A Gathering Of Angels by Katherine ValentineA Gathering Of Angels by Katherine Valentine

A Gathering Of Angels

byKatherine Valentine

Paperback | August 31, 2004

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In A Miracle for St. Cecilia?s, Katherine Valentine created a charming Connecticut town where ordinary people experience extraordinary things. Now in A Gathering of Angels the citizens of Dorsetville continue to discover the daily wonders of faith.

While Father Flaherty toys with taking up kickboxing to trim his growing waistline, another town expansion proves more ominous: Barry Hornibrook, driven to build a riverfront hotel, turns to questionable sources for desperately needed money. But this is Dorsetville, where anything is possible?and by the time this beguiling tale is over, a tragic fire, a German shepherd, and an influx of dentists will all play a role in changing the community forever.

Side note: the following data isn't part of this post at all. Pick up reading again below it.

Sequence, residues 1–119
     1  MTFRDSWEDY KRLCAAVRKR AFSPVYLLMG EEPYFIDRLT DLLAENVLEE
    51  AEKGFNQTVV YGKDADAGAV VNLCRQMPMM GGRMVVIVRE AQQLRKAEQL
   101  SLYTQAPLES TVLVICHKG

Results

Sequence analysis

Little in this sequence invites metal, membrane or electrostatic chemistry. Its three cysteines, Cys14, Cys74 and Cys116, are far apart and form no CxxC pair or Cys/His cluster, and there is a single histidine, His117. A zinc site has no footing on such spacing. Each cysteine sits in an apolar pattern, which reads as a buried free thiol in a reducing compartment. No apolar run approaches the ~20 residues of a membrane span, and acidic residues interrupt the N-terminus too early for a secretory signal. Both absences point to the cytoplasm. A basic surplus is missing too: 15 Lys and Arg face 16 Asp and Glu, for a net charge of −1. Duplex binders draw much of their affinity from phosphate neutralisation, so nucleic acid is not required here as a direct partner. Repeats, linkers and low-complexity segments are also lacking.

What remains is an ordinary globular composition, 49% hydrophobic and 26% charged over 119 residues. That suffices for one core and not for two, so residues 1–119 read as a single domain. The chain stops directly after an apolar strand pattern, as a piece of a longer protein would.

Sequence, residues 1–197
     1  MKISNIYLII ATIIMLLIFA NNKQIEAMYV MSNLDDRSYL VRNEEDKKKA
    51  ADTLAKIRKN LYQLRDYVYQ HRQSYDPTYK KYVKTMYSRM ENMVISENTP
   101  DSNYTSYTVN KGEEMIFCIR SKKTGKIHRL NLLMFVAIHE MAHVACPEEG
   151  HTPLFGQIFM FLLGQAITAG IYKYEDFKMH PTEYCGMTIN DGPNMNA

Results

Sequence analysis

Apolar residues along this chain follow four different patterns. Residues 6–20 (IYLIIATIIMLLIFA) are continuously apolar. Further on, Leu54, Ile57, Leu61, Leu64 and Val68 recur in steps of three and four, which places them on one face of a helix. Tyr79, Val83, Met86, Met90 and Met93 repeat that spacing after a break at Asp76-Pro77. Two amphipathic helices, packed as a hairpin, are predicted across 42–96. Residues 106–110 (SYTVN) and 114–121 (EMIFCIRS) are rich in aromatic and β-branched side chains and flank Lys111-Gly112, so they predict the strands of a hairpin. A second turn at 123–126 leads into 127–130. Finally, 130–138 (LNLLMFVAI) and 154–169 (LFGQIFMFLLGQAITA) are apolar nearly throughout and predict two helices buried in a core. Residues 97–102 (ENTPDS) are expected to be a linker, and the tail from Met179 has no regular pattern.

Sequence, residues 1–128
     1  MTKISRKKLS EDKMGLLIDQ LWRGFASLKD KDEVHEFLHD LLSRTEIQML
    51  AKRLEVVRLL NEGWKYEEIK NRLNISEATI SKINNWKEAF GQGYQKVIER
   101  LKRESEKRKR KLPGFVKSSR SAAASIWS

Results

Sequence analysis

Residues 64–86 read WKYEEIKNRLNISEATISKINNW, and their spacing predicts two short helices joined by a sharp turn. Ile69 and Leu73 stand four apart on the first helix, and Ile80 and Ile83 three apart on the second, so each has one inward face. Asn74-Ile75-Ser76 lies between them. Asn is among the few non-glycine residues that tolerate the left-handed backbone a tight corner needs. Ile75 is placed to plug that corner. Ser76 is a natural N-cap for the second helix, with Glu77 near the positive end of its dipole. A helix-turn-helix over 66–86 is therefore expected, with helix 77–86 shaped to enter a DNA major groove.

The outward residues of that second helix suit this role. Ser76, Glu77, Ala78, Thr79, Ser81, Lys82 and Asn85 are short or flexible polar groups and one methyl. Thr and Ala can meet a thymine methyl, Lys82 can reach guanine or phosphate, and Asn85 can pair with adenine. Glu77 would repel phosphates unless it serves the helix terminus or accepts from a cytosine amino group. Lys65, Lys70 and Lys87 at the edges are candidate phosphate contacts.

Full of delightful surprises, A Gathering of Angels proves to be another heart- warming tale of hope.

Katherine Valentine is an American folk artist who has been a regular guest on Lifetime's Our Home show and an instructor with the New York City Museum of American Folk Art and the Brookfield (Connecticut) Craft Center. Her 1980 near-death experience, the subject of several books, has been featured on television shows, including Good M...
Title:A Gathering Of AngelsFormat:PaperbackDimensions:288 pages, 7.7 × 5 × 0.53 inPublished:August 31, 2004Publisher:Penguin Publishing GroupLanguage:English

The following ISBNs are associated with this title:

ISBN - 10:0142004847

ISBN - 13:9780142004845